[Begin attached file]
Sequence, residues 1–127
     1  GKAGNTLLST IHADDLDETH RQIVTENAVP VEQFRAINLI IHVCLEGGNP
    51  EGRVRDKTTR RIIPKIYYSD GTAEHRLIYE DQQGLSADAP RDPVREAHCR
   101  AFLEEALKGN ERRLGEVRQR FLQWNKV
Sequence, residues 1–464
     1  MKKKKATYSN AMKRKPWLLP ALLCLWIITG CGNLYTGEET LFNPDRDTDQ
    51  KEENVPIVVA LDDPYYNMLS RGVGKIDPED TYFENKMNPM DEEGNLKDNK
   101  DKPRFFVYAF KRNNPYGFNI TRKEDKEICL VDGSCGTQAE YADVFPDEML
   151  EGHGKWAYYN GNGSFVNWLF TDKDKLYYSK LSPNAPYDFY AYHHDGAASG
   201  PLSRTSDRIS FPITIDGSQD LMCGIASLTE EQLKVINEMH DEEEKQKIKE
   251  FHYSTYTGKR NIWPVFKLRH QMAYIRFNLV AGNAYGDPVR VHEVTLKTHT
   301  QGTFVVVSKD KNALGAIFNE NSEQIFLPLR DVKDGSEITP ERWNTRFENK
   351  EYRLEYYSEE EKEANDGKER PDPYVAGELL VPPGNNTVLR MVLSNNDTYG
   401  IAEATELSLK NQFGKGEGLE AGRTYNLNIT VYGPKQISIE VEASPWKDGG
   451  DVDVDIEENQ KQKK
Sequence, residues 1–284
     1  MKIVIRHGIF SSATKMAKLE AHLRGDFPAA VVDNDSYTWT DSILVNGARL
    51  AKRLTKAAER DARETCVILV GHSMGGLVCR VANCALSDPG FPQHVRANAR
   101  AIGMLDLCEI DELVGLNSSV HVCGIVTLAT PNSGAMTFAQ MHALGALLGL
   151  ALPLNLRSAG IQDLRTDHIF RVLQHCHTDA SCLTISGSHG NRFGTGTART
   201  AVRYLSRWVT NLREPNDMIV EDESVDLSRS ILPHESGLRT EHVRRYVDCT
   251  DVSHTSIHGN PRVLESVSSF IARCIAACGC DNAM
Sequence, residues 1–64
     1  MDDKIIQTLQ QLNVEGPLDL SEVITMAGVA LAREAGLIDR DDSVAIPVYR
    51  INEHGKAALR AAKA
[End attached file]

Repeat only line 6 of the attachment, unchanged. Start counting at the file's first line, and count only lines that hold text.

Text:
     1  MKKKKATYSN AMKRKPWLLP ALLCLWIITG CGNLYTGEET LFNPDRDTDQ